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New Year´s Eve Afternoon Concert
This time, our annual shared musical welcoming in of the New Year will also be a birthday celebration. On 4 January 2021 it will have been 125 years since the musicians of the Czech Philharmonic first gathered on the stage of the Dvořák Hall under the baton of AntonínDvořák.
Entry of the Gladiators, march, Op. 68
The Grouchy Old Bear, polka for bassoon and orchestra, Op. 210
Playing at Swans and Peacocks, 2nd movement of A Fairy Tale, Op. 16
The Frog from music for the fairytale The Emperor’s Nightingale
Cavalier Waltz from the operetta Polish Blood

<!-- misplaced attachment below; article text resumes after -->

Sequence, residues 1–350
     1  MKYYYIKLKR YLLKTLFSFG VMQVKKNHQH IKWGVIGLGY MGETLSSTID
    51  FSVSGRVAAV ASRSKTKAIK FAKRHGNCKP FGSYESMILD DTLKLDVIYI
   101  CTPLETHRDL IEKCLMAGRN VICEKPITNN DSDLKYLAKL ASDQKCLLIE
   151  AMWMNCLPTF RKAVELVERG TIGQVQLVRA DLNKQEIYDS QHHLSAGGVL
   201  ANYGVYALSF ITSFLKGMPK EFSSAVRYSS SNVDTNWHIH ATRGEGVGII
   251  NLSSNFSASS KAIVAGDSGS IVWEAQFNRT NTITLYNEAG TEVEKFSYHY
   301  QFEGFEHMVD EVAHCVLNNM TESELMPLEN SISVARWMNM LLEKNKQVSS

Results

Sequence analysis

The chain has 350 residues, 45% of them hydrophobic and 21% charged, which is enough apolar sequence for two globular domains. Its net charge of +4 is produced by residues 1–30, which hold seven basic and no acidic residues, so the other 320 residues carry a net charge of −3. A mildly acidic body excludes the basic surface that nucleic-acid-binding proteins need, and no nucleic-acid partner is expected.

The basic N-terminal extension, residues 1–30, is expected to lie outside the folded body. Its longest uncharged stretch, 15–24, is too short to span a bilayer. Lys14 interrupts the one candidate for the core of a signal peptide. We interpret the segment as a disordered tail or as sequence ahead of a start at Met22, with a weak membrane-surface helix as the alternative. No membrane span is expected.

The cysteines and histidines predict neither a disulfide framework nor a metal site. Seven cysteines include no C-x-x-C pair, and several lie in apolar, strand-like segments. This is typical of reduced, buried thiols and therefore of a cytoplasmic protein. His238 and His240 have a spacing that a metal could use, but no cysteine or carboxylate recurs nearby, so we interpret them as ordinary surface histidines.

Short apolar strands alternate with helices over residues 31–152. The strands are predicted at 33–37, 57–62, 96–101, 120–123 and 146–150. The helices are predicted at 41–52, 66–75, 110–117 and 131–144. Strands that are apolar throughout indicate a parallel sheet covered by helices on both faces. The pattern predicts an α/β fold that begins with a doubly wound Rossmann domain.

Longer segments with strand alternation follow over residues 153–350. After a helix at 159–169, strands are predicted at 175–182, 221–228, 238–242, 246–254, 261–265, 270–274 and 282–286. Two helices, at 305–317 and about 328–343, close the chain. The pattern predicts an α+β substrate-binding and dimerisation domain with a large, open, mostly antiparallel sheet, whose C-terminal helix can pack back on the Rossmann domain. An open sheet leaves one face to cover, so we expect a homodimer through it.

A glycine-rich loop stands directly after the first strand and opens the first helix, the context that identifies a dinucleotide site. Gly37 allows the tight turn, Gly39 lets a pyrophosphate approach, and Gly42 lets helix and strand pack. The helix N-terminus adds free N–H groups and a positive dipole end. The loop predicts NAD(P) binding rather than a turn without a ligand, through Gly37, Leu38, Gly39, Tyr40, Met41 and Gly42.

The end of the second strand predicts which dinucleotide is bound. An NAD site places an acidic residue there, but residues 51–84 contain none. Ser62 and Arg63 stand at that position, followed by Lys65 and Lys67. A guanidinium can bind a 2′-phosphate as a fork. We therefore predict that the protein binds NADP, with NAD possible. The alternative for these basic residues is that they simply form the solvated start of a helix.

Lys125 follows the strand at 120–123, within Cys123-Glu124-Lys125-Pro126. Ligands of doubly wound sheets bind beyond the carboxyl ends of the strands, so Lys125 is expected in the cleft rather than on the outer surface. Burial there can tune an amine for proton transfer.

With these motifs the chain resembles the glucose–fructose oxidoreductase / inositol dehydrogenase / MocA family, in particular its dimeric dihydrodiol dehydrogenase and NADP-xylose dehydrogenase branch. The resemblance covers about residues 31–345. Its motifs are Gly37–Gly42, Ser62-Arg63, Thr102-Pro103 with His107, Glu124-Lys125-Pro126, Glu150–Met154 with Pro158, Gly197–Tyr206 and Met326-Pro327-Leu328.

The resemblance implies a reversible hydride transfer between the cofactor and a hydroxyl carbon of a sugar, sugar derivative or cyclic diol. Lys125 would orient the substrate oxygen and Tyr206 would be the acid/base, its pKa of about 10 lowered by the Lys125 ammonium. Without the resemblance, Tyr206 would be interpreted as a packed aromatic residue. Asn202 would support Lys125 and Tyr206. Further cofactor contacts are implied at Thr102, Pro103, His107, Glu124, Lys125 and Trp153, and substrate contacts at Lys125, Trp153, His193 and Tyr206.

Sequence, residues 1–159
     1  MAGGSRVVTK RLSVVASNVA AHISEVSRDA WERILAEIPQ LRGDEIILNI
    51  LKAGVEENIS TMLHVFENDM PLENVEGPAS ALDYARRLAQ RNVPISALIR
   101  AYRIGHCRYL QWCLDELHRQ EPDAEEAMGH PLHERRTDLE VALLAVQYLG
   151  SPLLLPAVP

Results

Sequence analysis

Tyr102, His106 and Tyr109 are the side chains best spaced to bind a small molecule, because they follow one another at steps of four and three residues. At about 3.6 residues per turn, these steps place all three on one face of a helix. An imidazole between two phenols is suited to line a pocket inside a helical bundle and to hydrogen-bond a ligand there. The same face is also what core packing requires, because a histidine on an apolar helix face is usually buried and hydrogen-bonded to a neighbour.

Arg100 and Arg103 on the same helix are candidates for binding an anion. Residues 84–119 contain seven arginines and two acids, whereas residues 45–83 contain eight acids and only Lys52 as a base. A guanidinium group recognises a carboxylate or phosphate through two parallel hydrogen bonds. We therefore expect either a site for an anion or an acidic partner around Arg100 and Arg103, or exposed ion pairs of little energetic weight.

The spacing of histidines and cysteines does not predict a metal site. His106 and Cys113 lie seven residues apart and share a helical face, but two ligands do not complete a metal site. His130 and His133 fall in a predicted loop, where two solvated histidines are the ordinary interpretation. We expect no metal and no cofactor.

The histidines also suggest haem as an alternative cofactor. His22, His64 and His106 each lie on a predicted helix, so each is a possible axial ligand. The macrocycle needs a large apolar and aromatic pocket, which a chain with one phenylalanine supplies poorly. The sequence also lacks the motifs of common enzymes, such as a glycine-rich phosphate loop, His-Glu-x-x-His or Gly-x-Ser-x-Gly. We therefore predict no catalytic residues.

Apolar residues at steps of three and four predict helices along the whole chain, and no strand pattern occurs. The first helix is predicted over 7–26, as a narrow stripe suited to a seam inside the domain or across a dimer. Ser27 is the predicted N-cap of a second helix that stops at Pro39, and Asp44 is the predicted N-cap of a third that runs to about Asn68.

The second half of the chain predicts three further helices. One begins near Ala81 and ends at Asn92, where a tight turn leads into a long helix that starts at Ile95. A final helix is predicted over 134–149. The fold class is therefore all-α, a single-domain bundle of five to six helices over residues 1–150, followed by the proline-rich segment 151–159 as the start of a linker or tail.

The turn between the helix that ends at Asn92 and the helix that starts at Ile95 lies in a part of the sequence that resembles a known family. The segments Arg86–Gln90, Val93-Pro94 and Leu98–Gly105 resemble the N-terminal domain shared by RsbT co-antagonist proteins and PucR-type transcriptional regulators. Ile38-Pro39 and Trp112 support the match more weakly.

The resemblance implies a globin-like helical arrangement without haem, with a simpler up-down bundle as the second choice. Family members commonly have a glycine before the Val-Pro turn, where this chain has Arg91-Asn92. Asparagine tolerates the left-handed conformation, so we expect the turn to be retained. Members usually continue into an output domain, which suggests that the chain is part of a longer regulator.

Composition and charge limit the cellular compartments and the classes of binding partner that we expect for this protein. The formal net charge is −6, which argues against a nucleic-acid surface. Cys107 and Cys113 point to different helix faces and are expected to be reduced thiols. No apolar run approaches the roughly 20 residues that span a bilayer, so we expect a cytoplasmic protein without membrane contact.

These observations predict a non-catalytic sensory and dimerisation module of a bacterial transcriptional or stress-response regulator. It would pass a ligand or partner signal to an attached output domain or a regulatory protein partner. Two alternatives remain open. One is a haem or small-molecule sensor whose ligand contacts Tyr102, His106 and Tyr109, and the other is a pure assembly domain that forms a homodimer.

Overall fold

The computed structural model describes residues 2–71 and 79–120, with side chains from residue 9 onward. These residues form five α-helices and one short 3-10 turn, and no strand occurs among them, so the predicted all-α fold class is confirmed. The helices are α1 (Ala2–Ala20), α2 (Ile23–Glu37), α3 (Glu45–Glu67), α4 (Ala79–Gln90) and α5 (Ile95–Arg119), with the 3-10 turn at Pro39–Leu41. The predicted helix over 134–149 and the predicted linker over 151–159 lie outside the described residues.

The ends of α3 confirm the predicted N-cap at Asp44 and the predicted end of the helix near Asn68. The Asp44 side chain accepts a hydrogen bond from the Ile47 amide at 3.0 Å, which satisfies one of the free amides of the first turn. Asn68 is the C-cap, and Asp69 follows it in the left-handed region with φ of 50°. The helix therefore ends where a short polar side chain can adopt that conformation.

Memories of Zbiroh
Winter Storms Waltz, Op. 184
The Kiss, overture to the opera
Polonaise from Act II of the opera Rusalka, Op. 114
Rondo in G Minor, Op. 94 for cello and orchestra
Skočná (Dance of the Comedians) from the opera The Bartered Bride
Slavonic Dance No. 2 in E Minor, Op. 46
Slavonic Dance No. 8 in G Minor, Op. 46
Robert Kozánek trombone
Ondřej Roskovec bassoon
Jaroslav Halíř trumpet
Tomáš Netopil conductor
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This time, our annual shared musical welcoming in of the New Year will also be a birthday celebration. On 4 January 2021 it will have been 125 years since the musicians of the Czech Philharmonic first gathered on the stage of the Dvořák Hall under the baton of Antonín Dvořák. In the course of one and a quarter century, the leading Czech orchestra has undergone an initial struggle to maintain its existence, has grown artistically, and over the following decades has fulfilled one of its greatest goals by performing before capacity audiences in prestigious concert halls around the world.